Government Is Quietly Paying Interns Over $60k

( Federal agencies are paying above $60,000 a year to interns. While some internships do not pay at all, others offer a salary higher than the median income of US adults. The Federal Deposit Insurance Corporation in San Francisco pays student IT trainees $66,333 and $131,367 for full-time work during holidays and part-time while at college. The Department of Veterans Affairs is offering $63,758 for student nurse technicians, and the Development Finance Corporation in Washington, DC, pays between $64,957 and $84,441 for an annual monitoring internship. The nation’s median income for adults is $56,420. 

The high-paying posts are justified by the government as “Pathway Programs” intended to recruit students at the highest academic level and keep them on in a full-time capacity following completion of their training.  

Rachel Greszler of the Heritage Foundation said, “Such high pay for short-term interns almost certainly reflects the burdensome nature of the federal hiring process as well as the impact of inflation and worker shortages on the overall labor market.” Veronique de Rugy of the Mercatus Center at George Mason University added that the payment packages indicate the willingness of the federal government to overspend without scrutiny. “The government is going to not care about spending money wisely,” she said.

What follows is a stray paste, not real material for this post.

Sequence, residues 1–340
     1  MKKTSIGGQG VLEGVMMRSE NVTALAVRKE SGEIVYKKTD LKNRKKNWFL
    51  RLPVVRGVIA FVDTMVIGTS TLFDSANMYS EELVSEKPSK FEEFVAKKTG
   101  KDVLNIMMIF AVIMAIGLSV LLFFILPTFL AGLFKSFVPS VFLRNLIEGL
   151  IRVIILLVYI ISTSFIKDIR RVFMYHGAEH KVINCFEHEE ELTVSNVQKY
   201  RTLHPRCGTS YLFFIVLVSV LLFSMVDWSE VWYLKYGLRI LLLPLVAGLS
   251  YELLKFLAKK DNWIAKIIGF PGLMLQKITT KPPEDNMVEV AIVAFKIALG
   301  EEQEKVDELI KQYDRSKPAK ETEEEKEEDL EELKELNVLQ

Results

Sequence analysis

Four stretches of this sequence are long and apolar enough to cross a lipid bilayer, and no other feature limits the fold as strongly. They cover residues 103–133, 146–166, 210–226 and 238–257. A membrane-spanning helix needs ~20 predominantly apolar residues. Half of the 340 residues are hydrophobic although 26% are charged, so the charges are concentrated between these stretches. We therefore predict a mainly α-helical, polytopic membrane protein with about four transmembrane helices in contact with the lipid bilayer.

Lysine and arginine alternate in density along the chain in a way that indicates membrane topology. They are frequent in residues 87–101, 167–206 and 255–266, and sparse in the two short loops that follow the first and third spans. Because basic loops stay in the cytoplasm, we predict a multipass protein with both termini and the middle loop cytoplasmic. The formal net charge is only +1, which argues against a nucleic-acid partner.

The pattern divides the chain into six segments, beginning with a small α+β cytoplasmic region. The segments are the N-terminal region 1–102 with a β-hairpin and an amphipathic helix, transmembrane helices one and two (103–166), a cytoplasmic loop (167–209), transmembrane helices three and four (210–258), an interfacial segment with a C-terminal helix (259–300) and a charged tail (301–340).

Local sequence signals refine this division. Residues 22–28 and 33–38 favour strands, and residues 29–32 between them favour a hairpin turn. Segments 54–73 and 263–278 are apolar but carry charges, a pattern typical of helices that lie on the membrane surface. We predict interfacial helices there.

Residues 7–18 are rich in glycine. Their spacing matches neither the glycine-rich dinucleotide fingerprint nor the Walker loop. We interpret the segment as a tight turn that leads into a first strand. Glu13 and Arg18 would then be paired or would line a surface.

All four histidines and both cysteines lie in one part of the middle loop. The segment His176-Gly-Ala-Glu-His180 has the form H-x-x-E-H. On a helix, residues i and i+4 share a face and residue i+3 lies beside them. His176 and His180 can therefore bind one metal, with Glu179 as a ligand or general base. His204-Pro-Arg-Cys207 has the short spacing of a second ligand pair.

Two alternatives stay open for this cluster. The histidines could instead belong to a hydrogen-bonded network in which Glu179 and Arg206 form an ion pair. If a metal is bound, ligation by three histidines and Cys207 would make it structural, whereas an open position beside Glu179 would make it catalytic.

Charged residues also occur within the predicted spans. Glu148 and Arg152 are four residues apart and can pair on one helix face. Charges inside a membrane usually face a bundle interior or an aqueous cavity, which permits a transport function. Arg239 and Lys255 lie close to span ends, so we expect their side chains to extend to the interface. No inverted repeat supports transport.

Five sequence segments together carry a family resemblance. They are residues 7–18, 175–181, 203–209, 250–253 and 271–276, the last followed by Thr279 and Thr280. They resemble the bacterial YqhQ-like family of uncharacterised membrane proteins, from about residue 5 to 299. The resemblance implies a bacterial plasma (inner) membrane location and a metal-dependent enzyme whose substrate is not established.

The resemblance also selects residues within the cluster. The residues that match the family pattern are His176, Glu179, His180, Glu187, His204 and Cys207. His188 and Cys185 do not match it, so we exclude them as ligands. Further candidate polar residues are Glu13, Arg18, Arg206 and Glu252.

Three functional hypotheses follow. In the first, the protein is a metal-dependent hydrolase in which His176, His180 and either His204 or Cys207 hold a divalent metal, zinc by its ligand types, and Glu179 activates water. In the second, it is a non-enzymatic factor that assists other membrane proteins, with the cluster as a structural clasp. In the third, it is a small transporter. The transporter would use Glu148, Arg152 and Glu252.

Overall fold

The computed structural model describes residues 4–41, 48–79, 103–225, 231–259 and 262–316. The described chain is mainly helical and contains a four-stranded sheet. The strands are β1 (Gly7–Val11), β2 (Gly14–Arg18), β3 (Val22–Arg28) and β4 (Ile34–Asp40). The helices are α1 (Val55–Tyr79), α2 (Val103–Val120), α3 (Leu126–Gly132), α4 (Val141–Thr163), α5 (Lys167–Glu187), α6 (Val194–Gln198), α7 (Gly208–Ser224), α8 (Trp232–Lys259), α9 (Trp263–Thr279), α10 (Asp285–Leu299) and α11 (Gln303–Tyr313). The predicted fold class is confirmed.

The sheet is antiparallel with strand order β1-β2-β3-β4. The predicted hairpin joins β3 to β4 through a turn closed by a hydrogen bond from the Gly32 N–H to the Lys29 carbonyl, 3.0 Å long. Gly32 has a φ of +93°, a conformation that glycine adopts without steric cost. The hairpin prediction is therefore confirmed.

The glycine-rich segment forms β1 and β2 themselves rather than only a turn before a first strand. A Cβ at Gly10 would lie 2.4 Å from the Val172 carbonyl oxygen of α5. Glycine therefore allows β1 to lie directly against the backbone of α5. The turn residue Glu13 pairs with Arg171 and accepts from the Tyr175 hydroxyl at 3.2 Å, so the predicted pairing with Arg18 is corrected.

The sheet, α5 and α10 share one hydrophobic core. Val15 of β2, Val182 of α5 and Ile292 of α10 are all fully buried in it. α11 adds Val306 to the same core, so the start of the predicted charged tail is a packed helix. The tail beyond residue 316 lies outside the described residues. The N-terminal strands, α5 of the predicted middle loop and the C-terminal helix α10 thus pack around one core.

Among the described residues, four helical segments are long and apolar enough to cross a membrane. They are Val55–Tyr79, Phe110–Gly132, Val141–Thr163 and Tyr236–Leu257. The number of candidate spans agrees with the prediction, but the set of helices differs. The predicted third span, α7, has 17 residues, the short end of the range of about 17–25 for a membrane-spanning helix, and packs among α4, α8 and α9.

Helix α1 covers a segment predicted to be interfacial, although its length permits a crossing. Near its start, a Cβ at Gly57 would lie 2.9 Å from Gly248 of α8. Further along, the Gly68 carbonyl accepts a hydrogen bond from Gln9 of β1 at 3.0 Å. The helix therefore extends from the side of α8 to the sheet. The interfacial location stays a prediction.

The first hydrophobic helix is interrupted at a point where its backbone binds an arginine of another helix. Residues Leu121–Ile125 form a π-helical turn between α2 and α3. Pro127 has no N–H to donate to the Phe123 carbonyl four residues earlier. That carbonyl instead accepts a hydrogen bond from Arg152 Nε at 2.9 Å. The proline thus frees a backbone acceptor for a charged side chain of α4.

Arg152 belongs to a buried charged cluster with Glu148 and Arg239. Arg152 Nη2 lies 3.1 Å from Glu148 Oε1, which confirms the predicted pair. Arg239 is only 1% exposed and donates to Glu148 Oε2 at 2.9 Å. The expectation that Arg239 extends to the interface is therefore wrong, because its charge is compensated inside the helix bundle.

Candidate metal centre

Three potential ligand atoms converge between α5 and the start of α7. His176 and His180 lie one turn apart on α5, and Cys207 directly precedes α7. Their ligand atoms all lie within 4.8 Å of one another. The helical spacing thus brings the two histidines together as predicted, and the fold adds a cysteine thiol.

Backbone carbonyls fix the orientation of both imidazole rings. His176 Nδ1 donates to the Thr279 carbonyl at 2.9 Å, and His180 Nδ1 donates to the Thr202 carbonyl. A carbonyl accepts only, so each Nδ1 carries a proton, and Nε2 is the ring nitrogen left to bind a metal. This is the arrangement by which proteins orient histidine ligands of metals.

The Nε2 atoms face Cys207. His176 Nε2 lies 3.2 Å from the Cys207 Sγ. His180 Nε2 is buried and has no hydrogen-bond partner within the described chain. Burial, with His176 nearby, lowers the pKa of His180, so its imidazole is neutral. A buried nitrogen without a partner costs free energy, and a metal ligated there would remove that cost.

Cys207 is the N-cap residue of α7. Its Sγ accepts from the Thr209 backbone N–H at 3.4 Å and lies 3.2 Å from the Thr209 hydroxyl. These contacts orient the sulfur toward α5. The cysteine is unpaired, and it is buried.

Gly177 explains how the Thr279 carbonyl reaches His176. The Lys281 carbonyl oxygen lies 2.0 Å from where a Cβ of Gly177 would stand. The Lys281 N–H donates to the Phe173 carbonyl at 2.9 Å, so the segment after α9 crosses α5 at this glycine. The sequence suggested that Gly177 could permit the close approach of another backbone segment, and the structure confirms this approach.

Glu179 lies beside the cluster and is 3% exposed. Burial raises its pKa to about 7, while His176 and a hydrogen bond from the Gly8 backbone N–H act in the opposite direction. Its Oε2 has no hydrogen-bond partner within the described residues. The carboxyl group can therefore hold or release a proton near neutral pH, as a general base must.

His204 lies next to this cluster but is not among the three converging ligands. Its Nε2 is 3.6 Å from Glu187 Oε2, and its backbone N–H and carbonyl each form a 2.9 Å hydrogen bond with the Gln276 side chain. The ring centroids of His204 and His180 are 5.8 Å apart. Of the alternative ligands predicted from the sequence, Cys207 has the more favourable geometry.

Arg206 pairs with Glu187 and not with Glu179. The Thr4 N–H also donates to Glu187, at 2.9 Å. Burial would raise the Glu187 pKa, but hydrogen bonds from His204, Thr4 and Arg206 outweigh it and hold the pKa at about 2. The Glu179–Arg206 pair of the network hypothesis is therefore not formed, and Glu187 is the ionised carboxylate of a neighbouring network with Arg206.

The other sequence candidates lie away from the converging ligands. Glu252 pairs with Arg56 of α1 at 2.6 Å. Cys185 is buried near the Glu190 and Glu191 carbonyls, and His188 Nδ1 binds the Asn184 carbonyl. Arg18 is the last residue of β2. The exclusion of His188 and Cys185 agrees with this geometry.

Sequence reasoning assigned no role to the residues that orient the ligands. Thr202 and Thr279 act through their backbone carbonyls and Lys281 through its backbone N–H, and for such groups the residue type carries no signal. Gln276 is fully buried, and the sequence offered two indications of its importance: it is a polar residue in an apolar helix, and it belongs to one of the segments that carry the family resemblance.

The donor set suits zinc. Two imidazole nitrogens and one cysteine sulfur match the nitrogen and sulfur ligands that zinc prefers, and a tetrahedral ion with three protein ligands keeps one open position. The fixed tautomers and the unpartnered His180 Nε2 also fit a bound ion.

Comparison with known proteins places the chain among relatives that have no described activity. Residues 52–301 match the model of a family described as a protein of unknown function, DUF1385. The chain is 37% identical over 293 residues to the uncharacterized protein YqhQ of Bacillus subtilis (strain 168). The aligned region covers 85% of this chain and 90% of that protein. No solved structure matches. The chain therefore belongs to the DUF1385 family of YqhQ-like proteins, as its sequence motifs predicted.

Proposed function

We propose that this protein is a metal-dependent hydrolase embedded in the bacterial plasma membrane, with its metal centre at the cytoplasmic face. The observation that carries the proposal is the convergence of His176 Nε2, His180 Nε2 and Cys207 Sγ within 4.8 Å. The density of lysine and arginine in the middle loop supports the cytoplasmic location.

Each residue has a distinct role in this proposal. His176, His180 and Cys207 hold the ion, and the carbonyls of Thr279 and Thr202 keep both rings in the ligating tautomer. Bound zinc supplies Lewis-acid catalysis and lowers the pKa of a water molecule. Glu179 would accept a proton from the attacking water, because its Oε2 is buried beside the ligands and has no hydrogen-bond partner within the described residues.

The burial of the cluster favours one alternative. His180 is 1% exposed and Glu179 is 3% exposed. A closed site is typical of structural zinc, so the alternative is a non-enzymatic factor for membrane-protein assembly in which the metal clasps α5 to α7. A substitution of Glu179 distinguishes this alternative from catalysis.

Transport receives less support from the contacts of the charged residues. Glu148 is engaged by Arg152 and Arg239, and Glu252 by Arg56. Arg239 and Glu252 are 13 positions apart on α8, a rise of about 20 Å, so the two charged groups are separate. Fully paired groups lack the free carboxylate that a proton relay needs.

According to a study in 2021, a college graduate who has taken an internship doubles their chances of gaining full-time employment. The study also found that 22% of college students undertook an internship in 2020 – about half of these were online. A large number of such posts are unpaid with 42% of online and 35% of in-person schemes undertaken without a salary. The investigation, carried out by the Center for Research On College-Workforce Transition, furthermore found that most internships are obtained through personal contacts, prompting complaints of an unfair advantage for young people with well-off or well-connected parents. In 2016, the president of the Ford Foundation said that the practice amounted to “privilege multiplied by privilege” and called for a nationwide ban on unpaid roles.